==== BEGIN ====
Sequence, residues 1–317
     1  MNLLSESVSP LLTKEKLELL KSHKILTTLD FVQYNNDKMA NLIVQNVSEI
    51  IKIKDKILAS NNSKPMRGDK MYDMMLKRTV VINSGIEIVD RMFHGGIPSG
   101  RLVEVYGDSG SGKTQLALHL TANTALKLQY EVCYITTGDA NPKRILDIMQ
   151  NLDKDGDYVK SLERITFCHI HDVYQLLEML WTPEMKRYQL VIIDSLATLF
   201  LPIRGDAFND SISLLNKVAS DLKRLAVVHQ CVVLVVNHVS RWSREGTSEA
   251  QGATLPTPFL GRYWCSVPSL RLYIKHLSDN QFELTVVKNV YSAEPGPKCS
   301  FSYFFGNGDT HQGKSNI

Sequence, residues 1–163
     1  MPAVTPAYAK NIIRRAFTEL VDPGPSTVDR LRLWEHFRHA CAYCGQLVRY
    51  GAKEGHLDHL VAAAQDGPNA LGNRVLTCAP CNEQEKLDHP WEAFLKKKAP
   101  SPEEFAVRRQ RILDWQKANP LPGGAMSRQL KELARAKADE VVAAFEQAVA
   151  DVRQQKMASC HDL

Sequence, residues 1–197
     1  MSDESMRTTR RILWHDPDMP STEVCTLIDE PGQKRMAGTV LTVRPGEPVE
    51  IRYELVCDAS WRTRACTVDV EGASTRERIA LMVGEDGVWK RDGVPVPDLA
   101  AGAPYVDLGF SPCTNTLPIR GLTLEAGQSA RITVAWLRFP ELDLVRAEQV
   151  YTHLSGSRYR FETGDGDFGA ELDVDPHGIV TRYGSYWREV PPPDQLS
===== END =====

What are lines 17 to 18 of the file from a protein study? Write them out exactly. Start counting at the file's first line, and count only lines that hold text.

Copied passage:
   101  AGAPYVDLGF SPCTNTLPIR GLTLEAGQSA RITVAWLRFP ELDLVRAEQV
   151  YTHLSGSRYR FETGDGDFGA ELDVDPHGIV TRYGSYWREV PPPDQLS